An irregular heart beat (arrhythmia) that can lead to blood clots, stroke, and heart failure. The American Heart Association states that 2.7 million Americans are living with AFib.

Also Known As

  • AFib
  • AF


  • Paroxysmal – Faulty electrical signals and rapid heart rate begin suddenly and then stop on their own. Symptoms usually stop in less than 24 hours.
  • Persistent – The abnormal heart rhythm continues for more than a week (may stop by itself, or with treatment)
  • Permanent – A normal heart rhythm can’t be restored with treatment.

Both paroxysmal and persistent A-Fib may become more frequent and result in permanent A-Fib with time. AFib is the most common type of arrhythmia, and patients are 5 times more likely to have a stroke.


The two upper chambers (atria) of the heart experience chaotic electrical signals and force the heart to beat in a fast, irregular rhythm. Normal hearts beat anywhere from 60 to 100 beats per minute (bpm). Hearts in AFib can range from 100-175 bpm.

  • Damage to the heart
  • Heart defects present from birth
  • Medications
  • Use of stimulants (including alcohol, caffeine, tobacco)
  • Viral infections

Risk Factors (source)

  • Age
  • Coronary artery disease
  • Family history of AFib
  • History of heart attack
  • High blood pressure (21% of AFib patients also have high blood pressure)
  • Obesity
  • Other chronic conditions


Living a heart-healthy lifestyle can reduce the risk of AFib complications like stroke and heart failure.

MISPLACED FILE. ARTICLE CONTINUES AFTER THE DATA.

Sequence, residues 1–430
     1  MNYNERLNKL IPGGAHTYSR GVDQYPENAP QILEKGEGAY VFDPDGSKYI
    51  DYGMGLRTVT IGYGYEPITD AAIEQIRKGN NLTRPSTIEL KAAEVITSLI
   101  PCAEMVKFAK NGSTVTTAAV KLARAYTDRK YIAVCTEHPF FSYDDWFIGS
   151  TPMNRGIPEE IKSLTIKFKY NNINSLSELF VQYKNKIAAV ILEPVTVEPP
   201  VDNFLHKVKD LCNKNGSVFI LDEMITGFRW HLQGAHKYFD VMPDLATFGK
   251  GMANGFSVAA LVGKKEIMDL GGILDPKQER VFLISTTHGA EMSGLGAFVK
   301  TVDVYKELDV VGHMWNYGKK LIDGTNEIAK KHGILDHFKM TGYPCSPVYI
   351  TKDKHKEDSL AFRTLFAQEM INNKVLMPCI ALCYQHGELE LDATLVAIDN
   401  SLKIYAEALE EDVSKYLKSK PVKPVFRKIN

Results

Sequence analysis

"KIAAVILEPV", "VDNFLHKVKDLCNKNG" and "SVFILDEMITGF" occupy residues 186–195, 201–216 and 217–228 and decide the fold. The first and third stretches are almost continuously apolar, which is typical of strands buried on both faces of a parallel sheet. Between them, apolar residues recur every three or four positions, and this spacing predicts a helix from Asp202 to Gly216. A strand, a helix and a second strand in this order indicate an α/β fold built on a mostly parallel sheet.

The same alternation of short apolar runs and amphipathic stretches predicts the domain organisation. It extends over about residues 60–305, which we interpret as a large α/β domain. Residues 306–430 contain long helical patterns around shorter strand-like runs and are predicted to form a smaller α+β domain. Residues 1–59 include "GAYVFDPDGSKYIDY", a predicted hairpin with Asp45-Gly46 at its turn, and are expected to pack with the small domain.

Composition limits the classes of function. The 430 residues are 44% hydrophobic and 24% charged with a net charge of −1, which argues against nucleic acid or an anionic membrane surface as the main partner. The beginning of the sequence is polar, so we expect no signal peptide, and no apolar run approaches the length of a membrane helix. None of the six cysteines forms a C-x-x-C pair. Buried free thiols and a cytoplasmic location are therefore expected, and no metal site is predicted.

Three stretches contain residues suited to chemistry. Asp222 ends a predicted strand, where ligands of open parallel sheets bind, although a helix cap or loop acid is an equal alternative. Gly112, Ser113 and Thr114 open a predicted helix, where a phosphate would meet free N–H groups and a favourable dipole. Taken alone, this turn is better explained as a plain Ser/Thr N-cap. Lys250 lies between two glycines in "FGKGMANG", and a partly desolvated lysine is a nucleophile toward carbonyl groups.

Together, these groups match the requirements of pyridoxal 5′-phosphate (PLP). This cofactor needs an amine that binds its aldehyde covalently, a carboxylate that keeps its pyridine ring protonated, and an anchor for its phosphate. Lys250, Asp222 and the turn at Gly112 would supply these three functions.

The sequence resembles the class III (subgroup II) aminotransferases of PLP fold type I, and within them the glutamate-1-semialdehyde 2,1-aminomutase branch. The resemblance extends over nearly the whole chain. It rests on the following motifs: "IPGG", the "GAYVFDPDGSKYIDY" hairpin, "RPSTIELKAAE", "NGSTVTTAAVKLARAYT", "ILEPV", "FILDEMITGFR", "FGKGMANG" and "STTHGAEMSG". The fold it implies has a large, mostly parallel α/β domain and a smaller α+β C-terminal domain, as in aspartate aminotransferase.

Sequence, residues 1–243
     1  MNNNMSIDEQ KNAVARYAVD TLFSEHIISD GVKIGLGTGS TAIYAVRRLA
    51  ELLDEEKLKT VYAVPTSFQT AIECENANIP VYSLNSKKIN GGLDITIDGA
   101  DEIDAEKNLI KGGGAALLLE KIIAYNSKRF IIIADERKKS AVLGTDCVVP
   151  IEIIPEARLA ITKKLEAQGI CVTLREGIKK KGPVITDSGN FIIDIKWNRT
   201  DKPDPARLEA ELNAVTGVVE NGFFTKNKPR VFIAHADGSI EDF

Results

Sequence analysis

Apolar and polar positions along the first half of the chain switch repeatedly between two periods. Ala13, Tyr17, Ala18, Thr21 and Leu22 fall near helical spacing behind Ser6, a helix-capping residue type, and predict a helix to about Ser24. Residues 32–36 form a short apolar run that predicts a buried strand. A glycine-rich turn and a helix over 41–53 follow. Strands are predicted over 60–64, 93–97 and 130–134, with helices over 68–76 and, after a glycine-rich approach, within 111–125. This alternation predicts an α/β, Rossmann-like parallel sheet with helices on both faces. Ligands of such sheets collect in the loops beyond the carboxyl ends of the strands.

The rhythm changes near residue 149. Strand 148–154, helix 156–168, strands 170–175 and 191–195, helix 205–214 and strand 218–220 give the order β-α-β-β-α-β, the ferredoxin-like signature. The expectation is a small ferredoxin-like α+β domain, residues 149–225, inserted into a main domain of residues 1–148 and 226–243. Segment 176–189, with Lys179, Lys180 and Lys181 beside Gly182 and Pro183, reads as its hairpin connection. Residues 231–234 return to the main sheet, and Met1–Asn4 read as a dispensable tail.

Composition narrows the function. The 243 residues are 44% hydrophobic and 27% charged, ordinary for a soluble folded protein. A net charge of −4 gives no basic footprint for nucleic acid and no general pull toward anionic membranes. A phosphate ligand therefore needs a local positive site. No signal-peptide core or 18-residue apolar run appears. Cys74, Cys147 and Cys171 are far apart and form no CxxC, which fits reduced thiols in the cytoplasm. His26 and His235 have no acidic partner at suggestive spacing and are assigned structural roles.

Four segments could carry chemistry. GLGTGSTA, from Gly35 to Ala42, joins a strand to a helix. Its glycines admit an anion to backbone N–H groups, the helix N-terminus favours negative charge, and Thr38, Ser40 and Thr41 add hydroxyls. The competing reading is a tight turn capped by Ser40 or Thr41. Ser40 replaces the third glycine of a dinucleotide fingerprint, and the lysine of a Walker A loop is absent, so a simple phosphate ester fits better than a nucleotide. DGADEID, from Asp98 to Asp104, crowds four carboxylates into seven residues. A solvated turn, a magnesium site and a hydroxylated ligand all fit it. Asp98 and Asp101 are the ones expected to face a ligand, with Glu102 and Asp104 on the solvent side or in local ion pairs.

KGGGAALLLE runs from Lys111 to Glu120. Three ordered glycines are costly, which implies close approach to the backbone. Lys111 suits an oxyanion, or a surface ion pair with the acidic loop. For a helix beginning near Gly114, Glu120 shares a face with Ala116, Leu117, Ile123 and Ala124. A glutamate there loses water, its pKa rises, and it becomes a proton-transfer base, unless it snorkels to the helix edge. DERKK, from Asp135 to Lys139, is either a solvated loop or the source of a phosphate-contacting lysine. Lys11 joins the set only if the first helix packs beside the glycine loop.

• Exercise / Increase physical activity
  • Healthy diet
  • Limit or avoid caffeine and alcohol
  • Maintain a healthy weight
  • Quit smoking / using tobacco
  • Reduce stress
  • Use caution when taking over the counter (OTC) medications


People with heart disease are at higher risk for serious problems from certain diseases. Getting vaccinated is an important step in staying healthy.

Heart disease can make it harder to fight off certain diseases, make it more likely complications to those diseases will follow, or increase the risk of a heart attack. The CDC recommends all adults receive:

  • Influenza – recommended every year, age 6 months and older
  • Tdap – (if an adult did not receive it as an adolescent to protect against pertussis (whooping cough), and then a Td (tetanus, diphtheria) booster shot every 10 years.

Additionally, the CDC recommends the following vaccines for adults suffering from heart disease (talk to your doctor about which vaccines are right for you):

COVID-19 and Atrial Fibrillation

The CDC notes that, based on currently available information and clinical expertise, older adults and people of any age who have serious underlying medical conditions might be at higher risk for severe illness from COVID-19.


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